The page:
24 June 2009

It's not the marmot you see you must fear

It's the little, fluffy furball behind you who will get ya!!

17 June 2009

Sangre de Cristo / Wet mountains

Ah the fickle weather of Colorado. Tuesday was supposed to be thunderstorms during the afternoon in the Sangre de Cristo mountain range in central Colorado but perfect on Wednesday.

So I was in no hurry to get out the door on Tuesday. All I wanted was enough daylight to scout out some potential lines on one of four targeted peaks; Horn, Little Horn, Flume, and Commanche peaks.

I got there quicker than expected and was doubly treated by the unexpected beauty of the Wet Mountains on the drive to Westcliffe. I admit that the Wet Mountains are what I pictured Colorado to be like when I was a kid and during that dream, of owning 100 square miles and being independently wealthy, where I would live was a close facsimile to what I was driving through.

Found a nice campsite in one of the cleanest campgrounds I've been to; you can tell it doesn't get much use.

I could tell from my topo map that a tangled web of trails led out. I could tell from reconoitering during the drive in, I wanted to hit either the North Face of Horn Peak or a nice couloir to the south of the summit of Commanche.

Horn Pk on the left, Commanche to the right of it. You can see the delicious couloir I wanted to crunch into.

So I checked out the approach and the trail junction. Solitude and trees is the best way to describe it.

The next morning woke up at 5:45 am to the wind howling. It didn't stop for the nearly three hours I was at camp and packing up. I've nearly been blown off mountains twice. Last year during my traverse of the Pawnee Ridge was the latest episode. I remember crouching down on a shelf on the north side of the ridge for nearly 15 minutes waiting for a respite in the bluster.

Not looking for a repeat, I cut my losses and decided to explore the Wet Mountains some.

First some pics of the Sangre de Criso Range and Westcliffe. I will be back.

Took a nice hike along Squirrel Creek. Then checked out this oddity called Bishop Castle.

Nearly stepped on these two little guys

Squirrel Creek

All handmade and open to the public on a donation basis. Bishop Castle looked a little to suspect to me to wander inside. Plus it was too cartoonish for my taste. But if it breaks tourists to the area, which in turn helps support the local economy, go for it.

Hardscrabble Pass. Nice granite, and some dubious outcrops too.

11 June 2009

Pack the tent, stay in a motel

I currently feel like somebody shoved an eggplant in my ear. Long night out hitting fancy spots downtown. As one friend put it, "No way! You at Martini Ranch?!"

Good times. Chores and unsettled weather made my days off not as satisfying as I would like. But the Tacoma has new brakes and it passed its emissions test.

Last week was spent out in Fruita. I needed to camp and it was the only place in the entire state of Colorado without rain.... for a bit.

Some cactus blooms. I find myself drawn more and more to flowering cacti. I think it has to do with the juxtaposition.

Got two real good rides in. On the second one in the evening, I saw the blackness creeping closer. Distant rumbling of thunder approached and stopped being so distant. Knowing a deluge was imminent, I started hauling ass back to my camp.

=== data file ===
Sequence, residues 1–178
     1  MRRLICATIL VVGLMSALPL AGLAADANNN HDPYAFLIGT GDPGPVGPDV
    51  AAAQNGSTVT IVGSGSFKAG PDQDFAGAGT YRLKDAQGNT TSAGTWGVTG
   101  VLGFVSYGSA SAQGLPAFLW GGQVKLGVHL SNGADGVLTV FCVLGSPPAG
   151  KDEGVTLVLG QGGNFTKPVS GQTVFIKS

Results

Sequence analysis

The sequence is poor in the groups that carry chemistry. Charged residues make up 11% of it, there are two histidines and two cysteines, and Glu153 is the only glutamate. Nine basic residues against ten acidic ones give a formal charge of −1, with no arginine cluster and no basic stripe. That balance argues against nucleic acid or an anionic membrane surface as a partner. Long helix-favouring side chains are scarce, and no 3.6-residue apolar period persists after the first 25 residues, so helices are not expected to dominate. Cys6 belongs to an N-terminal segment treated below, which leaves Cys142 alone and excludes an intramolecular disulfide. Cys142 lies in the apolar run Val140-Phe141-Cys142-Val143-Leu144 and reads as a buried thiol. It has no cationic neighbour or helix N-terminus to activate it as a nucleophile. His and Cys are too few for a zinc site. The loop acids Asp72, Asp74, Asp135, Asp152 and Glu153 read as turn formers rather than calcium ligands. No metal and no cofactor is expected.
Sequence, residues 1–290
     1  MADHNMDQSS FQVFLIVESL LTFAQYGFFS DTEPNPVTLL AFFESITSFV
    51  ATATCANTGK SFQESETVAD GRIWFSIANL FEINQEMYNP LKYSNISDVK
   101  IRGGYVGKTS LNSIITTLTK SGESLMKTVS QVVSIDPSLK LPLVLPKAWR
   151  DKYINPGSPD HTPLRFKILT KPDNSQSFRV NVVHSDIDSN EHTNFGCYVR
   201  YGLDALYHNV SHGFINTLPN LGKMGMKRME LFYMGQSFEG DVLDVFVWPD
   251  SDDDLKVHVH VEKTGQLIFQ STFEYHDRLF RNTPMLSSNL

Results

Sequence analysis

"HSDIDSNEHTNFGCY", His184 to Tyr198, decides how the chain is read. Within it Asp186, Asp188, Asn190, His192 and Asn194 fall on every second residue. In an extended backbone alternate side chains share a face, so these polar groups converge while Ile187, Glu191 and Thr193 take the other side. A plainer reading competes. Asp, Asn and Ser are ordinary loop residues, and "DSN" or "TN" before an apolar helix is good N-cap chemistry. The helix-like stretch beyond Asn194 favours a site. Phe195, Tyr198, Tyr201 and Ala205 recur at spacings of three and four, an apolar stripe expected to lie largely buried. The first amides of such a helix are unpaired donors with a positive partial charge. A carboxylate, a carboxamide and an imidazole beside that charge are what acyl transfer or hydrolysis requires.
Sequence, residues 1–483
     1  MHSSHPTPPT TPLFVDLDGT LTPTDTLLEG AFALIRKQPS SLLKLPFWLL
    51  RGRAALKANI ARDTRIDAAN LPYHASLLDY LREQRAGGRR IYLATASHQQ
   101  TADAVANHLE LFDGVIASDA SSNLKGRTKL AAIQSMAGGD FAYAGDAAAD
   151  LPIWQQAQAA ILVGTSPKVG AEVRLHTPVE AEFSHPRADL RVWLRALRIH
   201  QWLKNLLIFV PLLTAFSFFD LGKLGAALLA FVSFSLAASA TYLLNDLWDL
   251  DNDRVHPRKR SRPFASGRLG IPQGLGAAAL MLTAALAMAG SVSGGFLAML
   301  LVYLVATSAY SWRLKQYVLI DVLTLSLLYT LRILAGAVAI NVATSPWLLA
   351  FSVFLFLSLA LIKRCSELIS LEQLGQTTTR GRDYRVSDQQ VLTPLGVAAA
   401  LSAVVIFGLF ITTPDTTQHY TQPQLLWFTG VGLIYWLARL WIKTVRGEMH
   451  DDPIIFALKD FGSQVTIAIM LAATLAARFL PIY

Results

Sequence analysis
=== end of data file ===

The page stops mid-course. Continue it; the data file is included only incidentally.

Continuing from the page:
I made it back right when the skies opened; talk about fortunate timing. I was forced to hide in my truck for over half an hour as the storm pounded the area, casually tossing lightning bolts and quarter-sized hail down.

I discovered I'm still shell-shocked by lightning from nearly getting struck last summer. When the lightning and thunder were synchronized in real time, I found myself nervous. I closed my eyes, controlled my breathing and began meditating. In short, I felt the closest one could get in a war trench.

I drove into town, since cooking at camp wouldn't be possible. I was treated to views of a double rainbow with lightning continuously forking through the middle of it -- that image will stay locked in my memory for a while.

Driving back to camp, I reached the dirt road again and drove through some flowing water. Soon the night was obscured through my windshield by inky blackness. Water flowed over my roof and engulfed the truck. I laughed uncontrollably.

I met up with another truck and the driver informed me I wasn't getting back to camp this way. Over three feet of water jumped an arroyo and was pouring over the roadway.

I tried a backway to get to camp and after driving far enough down 16 Road, I turned and saw a dry stream transform into a rushing river.

So I drove back to camp and spent the night in a motel room. The next morning I was able to get back to my camp and discovered my tent performed beyond expectations. Nothing was wet inside despite the dumping and the 60-mph winds.

The Tacoma the next day. I had to clean the windows off in order to have periphery sight.

The aftermath of the road

On my way back to Denver, I checked out around Rifle. According to some reports and my map book, there are some trails in the area for mountain biking. I was deep into carnivore country and quite surprised I didn't run into a bear during my exploring; it was ideal territory for them.

Stymied by a gate. The cirque looked very cool.

Glenwood Canyon on the drive back.